The desire to discover the truth about her mother is her driving force. The desire to find out what happened to the mother she didn’t even know takes Ellie Barker to Milo Sturgis. He is excellent in his work, but there are no witnesses, no motive or evidence about the murder that happened thirty years ago. The insight of the brilliant psychologist Alex Delaware is needed. And as their investigation slowly begins, so do twists and turns revealing truths that lead to something much greater. And it is not just that one death, but many more. Is this just a coincidence or is the truth hiding something else? What dangers lie behind each piece of truth revealed?

An intriguing story that with its slow pace and interesting theories reminds of the other books in the series, and yet contains enough novelty and freshness to make reading unique and interesting. The author’s writing style is quite eloquent and descriptive, with every perfectly fitted detail and description we have the feeling that we are there, we can visualize every event, every gesture, every subject… The plot is quite intricate with plenty of twists and turns to keep you on the edge through the whole ride and enough suspects to make you question everything. The characters are solidly drawn amid a background of suspense and mystery. And even if the main characters are well-known from the previous books, this can perfectly be read as a stand-alone book.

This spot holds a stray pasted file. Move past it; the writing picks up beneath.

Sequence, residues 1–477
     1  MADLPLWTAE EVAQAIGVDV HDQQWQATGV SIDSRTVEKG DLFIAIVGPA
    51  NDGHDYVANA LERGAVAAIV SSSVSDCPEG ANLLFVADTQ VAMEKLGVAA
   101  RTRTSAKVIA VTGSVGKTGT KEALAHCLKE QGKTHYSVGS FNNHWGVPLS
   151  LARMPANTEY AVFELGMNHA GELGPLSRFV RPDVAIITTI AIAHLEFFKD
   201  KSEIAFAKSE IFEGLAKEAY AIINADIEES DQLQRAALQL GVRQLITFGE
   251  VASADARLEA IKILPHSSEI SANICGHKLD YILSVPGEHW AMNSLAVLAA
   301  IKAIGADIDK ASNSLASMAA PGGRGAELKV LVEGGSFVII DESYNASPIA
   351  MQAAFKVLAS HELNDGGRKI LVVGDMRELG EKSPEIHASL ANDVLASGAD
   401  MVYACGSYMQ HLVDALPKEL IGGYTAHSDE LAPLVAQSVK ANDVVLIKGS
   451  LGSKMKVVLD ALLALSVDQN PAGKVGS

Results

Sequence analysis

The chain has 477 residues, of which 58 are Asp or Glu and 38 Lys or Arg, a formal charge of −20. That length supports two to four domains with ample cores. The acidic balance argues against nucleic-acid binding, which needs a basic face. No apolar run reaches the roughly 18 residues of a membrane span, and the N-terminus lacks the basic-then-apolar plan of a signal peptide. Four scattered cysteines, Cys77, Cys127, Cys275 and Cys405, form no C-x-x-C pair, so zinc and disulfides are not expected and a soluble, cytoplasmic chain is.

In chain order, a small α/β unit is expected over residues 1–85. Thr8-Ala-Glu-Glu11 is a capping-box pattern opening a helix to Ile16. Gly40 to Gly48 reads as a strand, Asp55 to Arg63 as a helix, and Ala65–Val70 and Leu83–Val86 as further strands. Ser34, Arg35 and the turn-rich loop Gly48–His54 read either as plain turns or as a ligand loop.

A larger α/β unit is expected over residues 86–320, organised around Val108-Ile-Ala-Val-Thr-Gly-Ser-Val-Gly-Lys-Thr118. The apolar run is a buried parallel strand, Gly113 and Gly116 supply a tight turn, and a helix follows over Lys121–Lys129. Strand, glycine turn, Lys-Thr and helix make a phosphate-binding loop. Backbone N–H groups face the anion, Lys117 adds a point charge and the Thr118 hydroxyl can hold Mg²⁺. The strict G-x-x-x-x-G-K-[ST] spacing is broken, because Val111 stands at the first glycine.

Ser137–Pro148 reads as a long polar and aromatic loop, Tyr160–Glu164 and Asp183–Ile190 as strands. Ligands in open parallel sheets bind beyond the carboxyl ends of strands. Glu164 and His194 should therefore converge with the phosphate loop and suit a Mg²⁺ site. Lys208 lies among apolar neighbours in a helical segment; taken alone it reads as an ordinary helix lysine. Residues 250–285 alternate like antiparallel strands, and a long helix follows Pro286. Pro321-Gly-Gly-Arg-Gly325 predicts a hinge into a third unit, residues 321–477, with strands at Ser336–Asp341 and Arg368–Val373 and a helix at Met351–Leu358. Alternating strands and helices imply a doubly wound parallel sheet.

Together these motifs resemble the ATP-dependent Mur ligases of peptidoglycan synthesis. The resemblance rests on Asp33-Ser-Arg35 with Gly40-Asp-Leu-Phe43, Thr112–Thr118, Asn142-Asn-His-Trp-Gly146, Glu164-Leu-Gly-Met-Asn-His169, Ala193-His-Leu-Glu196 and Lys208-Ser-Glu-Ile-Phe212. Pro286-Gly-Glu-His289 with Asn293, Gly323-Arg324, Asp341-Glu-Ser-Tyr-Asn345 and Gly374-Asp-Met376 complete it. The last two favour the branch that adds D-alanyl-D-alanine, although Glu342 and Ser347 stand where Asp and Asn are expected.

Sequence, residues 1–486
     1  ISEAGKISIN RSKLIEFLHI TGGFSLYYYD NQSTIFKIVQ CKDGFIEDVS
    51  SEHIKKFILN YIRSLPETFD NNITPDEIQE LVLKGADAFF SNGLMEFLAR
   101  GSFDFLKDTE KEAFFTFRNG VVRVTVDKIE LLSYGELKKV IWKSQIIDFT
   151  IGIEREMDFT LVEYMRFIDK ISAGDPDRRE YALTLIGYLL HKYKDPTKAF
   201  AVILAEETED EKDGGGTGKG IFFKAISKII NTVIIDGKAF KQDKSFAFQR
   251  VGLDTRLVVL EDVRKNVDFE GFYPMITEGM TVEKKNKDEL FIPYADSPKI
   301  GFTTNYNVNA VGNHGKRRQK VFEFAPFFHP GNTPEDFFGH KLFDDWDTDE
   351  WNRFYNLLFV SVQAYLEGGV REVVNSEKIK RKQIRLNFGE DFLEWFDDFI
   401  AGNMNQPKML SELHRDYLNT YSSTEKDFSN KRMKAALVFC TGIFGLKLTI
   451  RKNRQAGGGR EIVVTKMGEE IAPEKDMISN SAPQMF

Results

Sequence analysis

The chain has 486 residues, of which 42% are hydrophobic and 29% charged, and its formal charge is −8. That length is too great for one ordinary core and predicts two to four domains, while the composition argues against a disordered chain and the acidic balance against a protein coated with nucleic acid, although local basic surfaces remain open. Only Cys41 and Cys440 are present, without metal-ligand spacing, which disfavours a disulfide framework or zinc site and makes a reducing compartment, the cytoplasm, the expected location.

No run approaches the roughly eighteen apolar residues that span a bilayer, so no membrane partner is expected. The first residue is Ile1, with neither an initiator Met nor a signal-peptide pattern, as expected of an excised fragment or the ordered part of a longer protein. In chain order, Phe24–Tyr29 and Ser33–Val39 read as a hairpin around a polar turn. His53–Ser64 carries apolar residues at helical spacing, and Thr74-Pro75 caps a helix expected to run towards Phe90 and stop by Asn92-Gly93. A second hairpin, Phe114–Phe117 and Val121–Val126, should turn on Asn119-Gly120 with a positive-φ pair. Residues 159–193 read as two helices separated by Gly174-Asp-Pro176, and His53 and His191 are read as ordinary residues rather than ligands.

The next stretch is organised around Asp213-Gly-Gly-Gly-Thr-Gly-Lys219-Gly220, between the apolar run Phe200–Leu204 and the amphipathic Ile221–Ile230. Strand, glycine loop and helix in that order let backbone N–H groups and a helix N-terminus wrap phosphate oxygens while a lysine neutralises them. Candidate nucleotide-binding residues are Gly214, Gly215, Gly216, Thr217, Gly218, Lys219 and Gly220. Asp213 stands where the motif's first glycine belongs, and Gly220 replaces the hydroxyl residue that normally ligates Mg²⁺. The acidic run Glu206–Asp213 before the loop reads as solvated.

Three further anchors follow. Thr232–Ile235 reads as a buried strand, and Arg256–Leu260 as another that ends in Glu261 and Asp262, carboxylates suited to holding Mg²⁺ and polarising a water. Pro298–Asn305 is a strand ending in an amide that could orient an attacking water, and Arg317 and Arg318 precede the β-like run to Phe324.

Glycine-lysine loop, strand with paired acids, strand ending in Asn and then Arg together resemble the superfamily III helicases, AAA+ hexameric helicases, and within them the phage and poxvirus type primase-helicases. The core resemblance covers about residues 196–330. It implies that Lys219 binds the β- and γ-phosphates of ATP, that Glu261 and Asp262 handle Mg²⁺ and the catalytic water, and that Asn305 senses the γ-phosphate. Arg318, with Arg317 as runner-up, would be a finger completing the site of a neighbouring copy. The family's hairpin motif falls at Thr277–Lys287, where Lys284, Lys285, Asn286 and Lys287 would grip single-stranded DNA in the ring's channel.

If you are looking for a brilliant, shocking, and twisty tale, that this one will most certainly blow your mind. If you have read the previous one in the series, you already know what I’m talking about. If you haven’t, no worries, this is a perfect start.

****About the Author****

Jonathan Kellerman was born in New York City in 1949 and grew up in Los Angeles. He helped work his way through UCLA as an editorial cartoonist, columnist, editor and freelance musician. As a senior, at the age of 22, he won a Samuel Goldwyn Writing Award for fiction.